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Pharmacokinetics of the levonorgestrel-only emergency contraception regimen in normal-weight, obese and extremely obese users: A pilot study

Melissa Natavio, University of Southern California, 2012

Project abstract

Obesity has been reported as a risk factor for emergency contraception failure. A paucity of studies has shown that obesity alters the pharmacokinetic behavior of steroid hormones, however, it is unclear if these changes result in a decrease in their efficacy. No study to date has examined the effects of obesity on the pharmacokinetic behavior of levonorgestrel (LNG) emergency contraception (EC).

Thirty healthy women between 18-35 years of age with regular menstrual cycles who are non-smokers will be enrolled in this pilot study to determine the pharmacokinetic profile of normal weight, obese and extremely obese users of LNG-EC. Excluded will be women using hormonal contraception or using a cytochrome P450 inhibitor medication.

Participants will undergo a collection of 14 venous blood samples for LNG during the first 96 hours after administration of 1.5mg LNG on day 8 of their cycle. Participant's serum albumin and sex-steroid binding hormone will be measured in order to then calculate free LNG using a novel algorithm. Serum follicular-stimulating hormone, luteinizing hormone, estradiol and progesterone will be measured to determine if ovulation inhibition is altered among the groups.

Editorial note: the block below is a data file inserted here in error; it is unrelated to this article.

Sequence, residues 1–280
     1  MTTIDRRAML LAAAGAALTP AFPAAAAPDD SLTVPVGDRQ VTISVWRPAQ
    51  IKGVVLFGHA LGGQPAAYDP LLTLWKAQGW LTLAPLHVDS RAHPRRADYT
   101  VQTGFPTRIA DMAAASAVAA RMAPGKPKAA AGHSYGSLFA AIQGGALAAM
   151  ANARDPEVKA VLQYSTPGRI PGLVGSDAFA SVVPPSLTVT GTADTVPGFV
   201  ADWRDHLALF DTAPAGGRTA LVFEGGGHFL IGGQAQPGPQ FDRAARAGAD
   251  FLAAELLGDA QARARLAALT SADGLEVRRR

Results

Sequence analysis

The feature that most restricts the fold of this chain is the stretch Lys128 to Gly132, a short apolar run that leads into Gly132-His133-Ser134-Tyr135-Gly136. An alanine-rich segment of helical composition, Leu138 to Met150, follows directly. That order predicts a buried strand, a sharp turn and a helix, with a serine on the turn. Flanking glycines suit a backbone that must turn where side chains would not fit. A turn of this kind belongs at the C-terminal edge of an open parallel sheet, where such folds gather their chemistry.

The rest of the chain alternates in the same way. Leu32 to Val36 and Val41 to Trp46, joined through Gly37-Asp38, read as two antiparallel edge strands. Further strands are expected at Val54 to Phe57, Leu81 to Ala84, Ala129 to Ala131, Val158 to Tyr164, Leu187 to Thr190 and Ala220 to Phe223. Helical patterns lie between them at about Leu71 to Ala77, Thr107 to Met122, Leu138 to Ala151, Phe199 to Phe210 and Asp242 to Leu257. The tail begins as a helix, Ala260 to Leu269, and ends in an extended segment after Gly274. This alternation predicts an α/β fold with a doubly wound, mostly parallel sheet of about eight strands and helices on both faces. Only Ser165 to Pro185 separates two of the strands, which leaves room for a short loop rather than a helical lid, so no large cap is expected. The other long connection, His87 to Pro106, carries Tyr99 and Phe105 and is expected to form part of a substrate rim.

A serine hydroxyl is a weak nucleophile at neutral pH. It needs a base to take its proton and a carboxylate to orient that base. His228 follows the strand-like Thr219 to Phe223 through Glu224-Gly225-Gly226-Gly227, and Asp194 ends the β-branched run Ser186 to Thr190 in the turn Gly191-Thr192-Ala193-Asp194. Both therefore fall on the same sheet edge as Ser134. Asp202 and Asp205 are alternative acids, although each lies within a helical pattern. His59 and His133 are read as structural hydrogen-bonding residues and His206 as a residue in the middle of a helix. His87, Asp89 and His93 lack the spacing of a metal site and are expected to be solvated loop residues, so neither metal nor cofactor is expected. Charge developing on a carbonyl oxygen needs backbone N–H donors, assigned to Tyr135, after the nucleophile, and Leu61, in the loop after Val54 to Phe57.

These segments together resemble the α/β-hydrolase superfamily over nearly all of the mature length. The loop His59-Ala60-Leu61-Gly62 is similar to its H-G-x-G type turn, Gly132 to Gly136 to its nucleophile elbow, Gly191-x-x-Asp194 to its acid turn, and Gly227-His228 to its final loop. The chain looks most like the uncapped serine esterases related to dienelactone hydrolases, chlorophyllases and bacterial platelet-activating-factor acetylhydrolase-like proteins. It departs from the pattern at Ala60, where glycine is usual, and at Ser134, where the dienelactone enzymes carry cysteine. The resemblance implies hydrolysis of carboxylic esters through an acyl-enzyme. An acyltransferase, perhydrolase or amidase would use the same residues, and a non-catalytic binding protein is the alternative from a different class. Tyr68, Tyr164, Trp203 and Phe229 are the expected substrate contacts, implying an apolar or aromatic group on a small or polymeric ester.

The proposed research will begin to elucidate the mechanism(s) underlying the increased failure rate of LNG-EC reported in obese women. Findings from this study will be critically important to support future grant proposals to interrogate the effects of obesity on EC efficacy. Information gained from studies on the effects of obesity on LNG-EC efficacy could influence recommendations for EC use in the obese population, such as increasing the dose of LNG when used for EC.

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